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Milton Friedman on free enterprise
The GameStop saga has led many commentators to point out that “free market” might not be quite the right word for what happens on Wall Street. (As the old saying goes, it’s more like “heads I win, tails you lose”). Among the various suspicious events are: the Robinhood trading platform restricted trading of GameStop shares due to “market volatility”; Discord shut down the r/WallStreetBets server on grounds of “hate speech”; Facebook banned the Robinhood Stock Traders group for “violating community standards”; and Janet Yellen – Biden’s pick for Secretary of the Treasury – reportedly received $810,000 in “speaking fees” from the hedge fund at the centre of the scandal.
All this reminded me of a quote from the libertarian economist Milton Friedman:
The two greatest enemies of the free enterprise system, in my opinion, have been on the one hand my fellow intellectuals, and on the other the big businessmen – for opposite reasons … The intellectual is all in favour of freedom for himself, and all opposed to it for everybody else. The businessman is very different … Almost every businessman is in favour of free enterprise for everybody else, but special privilege and special government protection for himself.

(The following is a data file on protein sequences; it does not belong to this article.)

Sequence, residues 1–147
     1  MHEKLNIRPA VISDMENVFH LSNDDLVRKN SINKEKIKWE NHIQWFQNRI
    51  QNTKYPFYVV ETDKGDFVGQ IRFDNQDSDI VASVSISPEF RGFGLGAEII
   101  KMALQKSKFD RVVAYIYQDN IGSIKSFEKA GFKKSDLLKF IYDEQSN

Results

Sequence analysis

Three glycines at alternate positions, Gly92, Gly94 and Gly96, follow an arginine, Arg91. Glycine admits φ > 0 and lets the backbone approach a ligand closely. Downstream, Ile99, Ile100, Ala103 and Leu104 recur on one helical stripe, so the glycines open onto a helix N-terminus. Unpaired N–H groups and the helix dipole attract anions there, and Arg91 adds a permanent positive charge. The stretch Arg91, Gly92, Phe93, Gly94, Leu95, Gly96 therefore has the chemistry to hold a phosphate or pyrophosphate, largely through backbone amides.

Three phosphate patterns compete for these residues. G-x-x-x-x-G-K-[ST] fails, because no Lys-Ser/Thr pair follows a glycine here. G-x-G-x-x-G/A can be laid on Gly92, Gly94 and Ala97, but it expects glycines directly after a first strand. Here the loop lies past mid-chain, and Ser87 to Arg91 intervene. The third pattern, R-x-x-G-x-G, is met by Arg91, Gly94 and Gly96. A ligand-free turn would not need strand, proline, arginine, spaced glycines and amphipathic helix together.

Image: Joseph Nickolls, View of the Stocks Market London, before 1738
The “100,000 deaths” figure
Yesterday, I wrote a short piece for The Critic arguing that the “100,000 deaths” figure is slightly misleading. Here’s an excerpt:
There’s a more significant reason why “100,000 excess deaths” is slightly misleading. Excess deaths measures the change in mortality. It tells you how many more deaths there were in a given time period than you were expecting based on previous years. In other words, it tells you how much mortality has changed, relative to where it was before. This is useful when trying to assess the pandemic’s overall impact; but it is less helpful when trying to convey the current level of mortality.
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